TELEVISION / Clocking off: Andy Gill on a Red Nose Day for Britain and a red face day for the FBI

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The Independent Culture
COMIC RELIEF'S Red Nose Day (BBC1, Friday) - or 'splattery tomatoey thing' day, to use Griff Rhys Jones' helpful description of this year's plastic protuberance - stretches the pantomime season into March, with sundry celebs lining up to do their turn for charity.

With creeping incestuousness, everything seemed to spoof something on television: a combination quiz called Have I Got A Question Of Sport For You, an all-purpose omni-game-show in five parts that started out as 15 To 1 and ended up as Mastermind, and fake 'screen tests' featuring familiar faces attempting to host the wrong programmes. Geoffrey Palmer brought the full power of that lugubrious countenance to bear on his attempt at reading the weather forecast: 'It's going to rain.' Uncannily, he was about as accurate as the real forecasters; Saturday turned out nice again.

In one of the best South Bank Shows of recent years (ITV, Sunday), the novelist and screenwriter Richard Price took Melvyn Bragg on a guided tour of the Bronx stamping ground of his youth, and promptly got lost. Heaven only knows how Melvyn took this, but judging by his unease moments before as the car purred down the ramp into this urban sump, probably not too well. Maybe he was thinking of Price's curriculum vitae, which includes Sea Of Love, The Color Of Money, Night And The City and similar odysseys of sleaze. Price, though, was on home turf even when he couldn't exactly place which particular piece of corrugated patchwork blight they were cruising through. Winding the window down a little, he verbally ambushed a passer-by. 'Tryna get to Vyse and 172nd,' he barked. No excuse me, no please. It worked, though. The hapless pedestrian stopped, scratched his chin and offered up directions, probably thankful it was only a camera pointing at him from the back seat.

Price may have lost contact with his own neighbourhood, but he seemed well at home in another which was, if anything, worse: the New Jersey ghetto of his latest novel Clockers. His main writing gift, it was claimed, was his facility at hanging out - in this case with the cops who patrolled the handful of looming tenements, and the attorneys and investigators who seemed delighted at being the models for the characters in Price's book. 'I'm happy as a pig in mud,' admitted one cop, with admirable restraint. It was easy, Price acknowledged, to get addicted to hanging out with cops, to the excitement of the unknown and the extreme. Like a gambler, he admitted feeling fearful that if he missed a night, he might miss the jackpot payoff, the event that would surpass everything he'd seen thus far.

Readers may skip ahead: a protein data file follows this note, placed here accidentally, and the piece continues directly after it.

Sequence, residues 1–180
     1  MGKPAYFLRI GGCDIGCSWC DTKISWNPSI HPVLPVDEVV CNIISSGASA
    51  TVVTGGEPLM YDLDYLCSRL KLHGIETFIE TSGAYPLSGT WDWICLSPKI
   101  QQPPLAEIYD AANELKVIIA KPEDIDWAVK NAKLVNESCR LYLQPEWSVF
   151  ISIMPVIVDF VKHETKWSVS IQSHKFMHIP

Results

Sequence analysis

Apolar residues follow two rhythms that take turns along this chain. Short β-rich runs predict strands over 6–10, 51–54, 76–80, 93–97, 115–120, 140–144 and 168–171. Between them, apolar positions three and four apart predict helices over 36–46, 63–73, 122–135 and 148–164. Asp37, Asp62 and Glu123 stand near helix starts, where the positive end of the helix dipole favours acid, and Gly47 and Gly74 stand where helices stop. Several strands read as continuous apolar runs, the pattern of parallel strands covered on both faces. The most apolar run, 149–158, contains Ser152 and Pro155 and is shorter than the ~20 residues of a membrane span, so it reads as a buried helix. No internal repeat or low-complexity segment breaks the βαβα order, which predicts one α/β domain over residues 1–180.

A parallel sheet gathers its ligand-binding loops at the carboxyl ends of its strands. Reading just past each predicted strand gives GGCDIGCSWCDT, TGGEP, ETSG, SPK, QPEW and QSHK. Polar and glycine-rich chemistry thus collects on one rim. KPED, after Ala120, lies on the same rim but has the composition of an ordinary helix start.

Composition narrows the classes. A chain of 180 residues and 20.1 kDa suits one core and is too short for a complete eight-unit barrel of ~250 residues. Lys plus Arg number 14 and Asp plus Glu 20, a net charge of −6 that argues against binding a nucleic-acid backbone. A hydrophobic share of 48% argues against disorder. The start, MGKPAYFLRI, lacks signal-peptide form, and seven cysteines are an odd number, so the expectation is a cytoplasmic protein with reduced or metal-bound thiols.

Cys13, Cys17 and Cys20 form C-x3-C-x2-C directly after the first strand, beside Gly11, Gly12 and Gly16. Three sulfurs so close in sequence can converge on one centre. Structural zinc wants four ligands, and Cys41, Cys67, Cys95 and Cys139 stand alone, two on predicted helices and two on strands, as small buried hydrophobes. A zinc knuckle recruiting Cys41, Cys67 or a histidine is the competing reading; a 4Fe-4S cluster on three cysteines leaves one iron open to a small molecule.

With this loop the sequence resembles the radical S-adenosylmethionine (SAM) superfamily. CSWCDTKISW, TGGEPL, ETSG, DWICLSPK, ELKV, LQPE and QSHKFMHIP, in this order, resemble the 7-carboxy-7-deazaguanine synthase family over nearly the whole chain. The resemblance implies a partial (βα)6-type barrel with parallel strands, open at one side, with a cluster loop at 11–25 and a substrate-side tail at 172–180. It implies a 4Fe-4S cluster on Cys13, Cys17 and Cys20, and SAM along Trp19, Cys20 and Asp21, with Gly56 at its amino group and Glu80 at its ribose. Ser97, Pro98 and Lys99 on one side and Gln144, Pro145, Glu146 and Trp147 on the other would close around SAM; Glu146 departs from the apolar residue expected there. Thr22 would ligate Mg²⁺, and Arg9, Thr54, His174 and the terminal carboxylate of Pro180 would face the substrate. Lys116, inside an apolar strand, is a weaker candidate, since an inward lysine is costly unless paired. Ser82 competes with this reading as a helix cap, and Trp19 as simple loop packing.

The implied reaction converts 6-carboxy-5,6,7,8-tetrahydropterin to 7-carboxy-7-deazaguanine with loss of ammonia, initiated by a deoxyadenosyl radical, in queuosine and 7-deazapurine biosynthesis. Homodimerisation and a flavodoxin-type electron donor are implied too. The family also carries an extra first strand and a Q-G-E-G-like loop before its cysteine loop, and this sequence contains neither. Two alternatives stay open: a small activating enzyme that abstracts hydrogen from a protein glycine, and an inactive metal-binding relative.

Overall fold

The documentary series Fine Cut (BBC2, Saturday) continued with Michael Apted's excellent Incident At Oglala, an account of the 1975 killing of two FBI agents and one Indian activist at the Pine Ridge Reservation, and the hunt for a perpetrator - any perpetrator. As one of the accused Indians noted with glum irony, 'they always get their man', and it was obvious which man they wanted to get. Though two of the three Indians accused won their case against shakey evidence, by the time the third, Leonard Peltier, was extradited from Canada on patently trumped-up evidence, the FBI had papered over the holes in their case with some dubious additional evidence, including obviously fake testimony.

Mr Apted's programme, narrated with quiet righteousness by its executive producer Robert Redford, explored the background to the case, revealing that the three deaths at Oglala that received such blanket press coverage were part of a chain of murders which, since the victims were Indians, were ignored by both media and law.

'A Fatal Dream', latest in the Everyman series (BBC1, Sunday), demonstrated that a xenophobic American establishment can still get up to its old tricks. This time, the dubious testimony came from four plea-bargaining ex-members of Rajneeshpurim, the community built by the Bhagwan's followers in Oregon, and the accused were two middle-aged English women, Sally Croft and Susan Hagan, facing extradition to America on charges of conspiracy to murder the state attorney.

Ms Croft, an accountant, was in more idealistic times head of the Bhagwan's financial affairs, the person who secured the means to build the cult's city; Ms Hagan, an aromatherapist, was in charge of the construction. Both were members of the cult's matriarchal inner circle, run by the Bhagwan's ruthless right-hand woman, Anand Sheela, who responded to the bombing by a Christian fundamentalist of the cult's Hotel Rajneesh in Portland by arming the cult members.

Ms Hagan said: 'It's like a bad marriage. You keep trying to get it back to what it was originally. It takes a long time before you can disassociate your ambitions and your idealism from what is actually happening.' When she and Ms Croft saw the light and left the commune shortly before it collapsed, they found themselves smeared by the Bhagwan, who flew off to start another commune in Poona, India. The women, who returned to England, were not so lucky. (The German authorities have reportedly refused similar extradition warrants on Bhagwanites there). Now that the FBI has its evidence, Ms Croft and Ms Hagan may be sacrificed to a system which, thanks to events in Texas, is not likely to look too kindly on former cultists, however doubtful the evidence.

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